Trying to find helpful information regarding appropriate use of the Internet by children can be a challenge for parents and educators. One helpful site is NetSmartz, www.netsmartz.org, which was created by a partnership of the National Center for Missing & Exploited Children and the Boys and Girls Clubs of America. The following information is from the National Center for Missing & Exploited Children.
Following are some online safety tips to share with your children;
Set up rules: Post clear, simple, easy-to-read rules on or near the monitor. Create your own computer rules or print out the Internet Safety Pledge from NetSmartz. You and your children should sign - and should be periodically review - the pledge.
Use filters: Consider using filtering or monitoring software for your computer. Look into safeguarding programs or options your online service provider might offer. These can include monitoring or filtering capabilities. Have your children use child-friendly search engines when completing homework. As the parent, the Internet accounts should be in your name, and you should have the primary screen name and control passwords. Don't allow your children to children complete a profile for a service provider, and make sure their screen names are nondescript enough that a stranger won't know the user is a child.
Talk about the dangers of e-mail and chat: If your children use chat or e-mail, talk to them about never meeting an online "friend" face-to-face. Talk to your children about not responding to offensive or dangerous e-mail, chat or other communications. Report any such communication to local law enforcement. Do not delete the offensive or dangerous e-mail; instead turn off the monitor, and contact local law enforcement. Know whom your children are exchanging e-mail with, and only let them use chat areas that you have visited.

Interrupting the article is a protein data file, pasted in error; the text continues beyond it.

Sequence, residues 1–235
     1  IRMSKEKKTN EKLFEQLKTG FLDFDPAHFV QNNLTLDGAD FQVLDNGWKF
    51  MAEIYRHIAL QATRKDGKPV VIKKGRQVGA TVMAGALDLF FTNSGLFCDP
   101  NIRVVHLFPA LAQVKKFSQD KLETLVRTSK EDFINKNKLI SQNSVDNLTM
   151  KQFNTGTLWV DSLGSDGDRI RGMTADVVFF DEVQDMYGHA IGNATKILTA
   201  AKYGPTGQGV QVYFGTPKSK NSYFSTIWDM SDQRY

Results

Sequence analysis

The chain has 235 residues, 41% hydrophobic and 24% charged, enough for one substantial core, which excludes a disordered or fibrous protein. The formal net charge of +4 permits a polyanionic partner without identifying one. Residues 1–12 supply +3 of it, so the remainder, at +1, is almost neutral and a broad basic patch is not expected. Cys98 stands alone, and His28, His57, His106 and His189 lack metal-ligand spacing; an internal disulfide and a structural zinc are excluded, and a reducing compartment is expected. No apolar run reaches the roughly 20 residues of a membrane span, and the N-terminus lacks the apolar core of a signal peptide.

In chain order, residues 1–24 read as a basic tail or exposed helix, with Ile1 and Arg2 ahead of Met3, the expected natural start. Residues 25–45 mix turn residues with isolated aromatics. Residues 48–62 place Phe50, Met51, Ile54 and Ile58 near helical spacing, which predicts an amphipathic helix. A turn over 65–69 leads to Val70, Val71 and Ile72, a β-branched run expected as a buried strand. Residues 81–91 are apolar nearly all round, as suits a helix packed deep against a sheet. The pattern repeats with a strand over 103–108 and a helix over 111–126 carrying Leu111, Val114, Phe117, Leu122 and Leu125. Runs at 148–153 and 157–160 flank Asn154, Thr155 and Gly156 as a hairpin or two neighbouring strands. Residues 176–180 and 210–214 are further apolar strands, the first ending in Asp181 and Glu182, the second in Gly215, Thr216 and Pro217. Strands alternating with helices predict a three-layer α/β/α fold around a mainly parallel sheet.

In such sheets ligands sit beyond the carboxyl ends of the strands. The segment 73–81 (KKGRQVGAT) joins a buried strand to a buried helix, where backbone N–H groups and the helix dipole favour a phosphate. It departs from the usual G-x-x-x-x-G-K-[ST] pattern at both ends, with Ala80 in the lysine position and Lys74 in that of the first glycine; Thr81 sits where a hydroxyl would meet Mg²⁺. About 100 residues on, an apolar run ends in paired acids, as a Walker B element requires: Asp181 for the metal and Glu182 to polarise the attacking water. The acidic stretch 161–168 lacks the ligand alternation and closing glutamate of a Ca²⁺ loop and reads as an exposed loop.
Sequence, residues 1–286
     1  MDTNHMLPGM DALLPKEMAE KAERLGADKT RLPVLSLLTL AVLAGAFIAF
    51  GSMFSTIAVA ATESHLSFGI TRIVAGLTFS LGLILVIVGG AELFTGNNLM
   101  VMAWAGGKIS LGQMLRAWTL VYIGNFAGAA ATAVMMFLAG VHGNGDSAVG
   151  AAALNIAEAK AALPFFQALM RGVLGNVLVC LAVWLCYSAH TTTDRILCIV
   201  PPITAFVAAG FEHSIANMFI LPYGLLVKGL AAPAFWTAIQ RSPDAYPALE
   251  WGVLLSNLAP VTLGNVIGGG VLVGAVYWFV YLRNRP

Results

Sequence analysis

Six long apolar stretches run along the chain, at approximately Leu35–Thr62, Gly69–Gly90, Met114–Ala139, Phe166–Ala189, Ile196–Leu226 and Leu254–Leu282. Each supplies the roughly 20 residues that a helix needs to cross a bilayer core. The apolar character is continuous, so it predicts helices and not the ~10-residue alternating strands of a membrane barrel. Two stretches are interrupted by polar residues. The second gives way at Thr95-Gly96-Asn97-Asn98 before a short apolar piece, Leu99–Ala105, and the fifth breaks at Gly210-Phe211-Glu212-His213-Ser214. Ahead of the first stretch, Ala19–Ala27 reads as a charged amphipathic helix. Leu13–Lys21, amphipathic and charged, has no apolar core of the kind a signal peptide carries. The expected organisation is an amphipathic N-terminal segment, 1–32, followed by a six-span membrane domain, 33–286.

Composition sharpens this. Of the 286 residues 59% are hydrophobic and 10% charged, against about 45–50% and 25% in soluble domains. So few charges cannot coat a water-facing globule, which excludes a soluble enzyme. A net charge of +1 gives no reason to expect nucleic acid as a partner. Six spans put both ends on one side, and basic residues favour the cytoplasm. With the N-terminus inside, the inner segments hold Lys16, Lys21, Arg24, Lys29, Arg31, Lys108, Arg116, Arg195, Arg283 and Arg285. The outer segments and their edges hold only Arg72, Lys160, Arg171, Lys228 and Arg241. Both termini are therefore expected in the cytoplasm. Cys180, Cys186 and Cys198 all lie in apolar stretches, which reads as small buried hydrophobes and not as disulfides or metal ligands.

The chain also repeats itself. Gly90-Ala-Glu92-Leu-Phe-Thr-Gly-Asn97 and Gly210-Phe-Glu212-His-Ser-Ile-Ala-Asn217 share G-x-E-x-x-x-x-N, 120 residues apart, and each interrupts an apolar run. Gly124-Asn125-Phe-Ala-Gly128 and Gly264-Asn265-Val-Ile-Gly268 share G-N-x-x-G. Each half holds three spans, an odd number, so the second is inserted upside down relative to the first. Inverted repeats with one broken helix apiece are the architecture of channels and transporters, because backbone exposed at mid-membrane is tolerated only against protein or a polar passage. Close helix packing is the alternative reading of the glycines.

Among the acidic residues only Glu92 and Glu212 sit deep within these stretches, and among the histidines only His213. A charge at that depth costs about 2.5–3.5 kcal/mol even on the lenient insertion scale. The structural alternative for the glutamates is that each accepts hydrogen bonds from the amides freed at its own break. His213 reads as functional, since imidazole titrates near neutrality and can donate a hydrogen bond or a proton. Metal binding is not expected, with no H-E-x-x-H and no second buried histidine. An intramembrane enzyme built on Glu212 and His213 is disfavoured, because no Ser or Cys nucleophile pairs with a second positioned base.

Know what's going on: Keep the computer in the family room or another open area of your home. Let your children show you what they can do online, and visit their favorite sites or chat rooms with them. If you suspect online "stalking" or sexual exploitation of a child, report it to your local law enforcement agency. The National Center for Missing & Exploited Children (NCMEC) has a system, the CyberTipline, for identifying online predators and child pornographers and contributing to law-enforcement investigations. Leads forwarded to the site are acknowledged and shared with the appropriate law enforcement agency for investigation.
By following these tips, parents can help keep the Internet a safe place for their children to learn, grow and play.
Tammy Roth is a school counselor at Morris Area Elementary School in Morris, Minn., and president-elect for the Minnesota School Counselor Association. She can be reached at firstname.lastname@example.org. Materials based on information from the National Center for Missing and Exploited Children.
Other Great Resources
Net Family News
McGruff the Crime Dog - National Crime Prevention Council
Reprinted with the permission of the American School Counselor Association. © Copyright 2006-2008 American School Counselor Association. All Rights Reserved.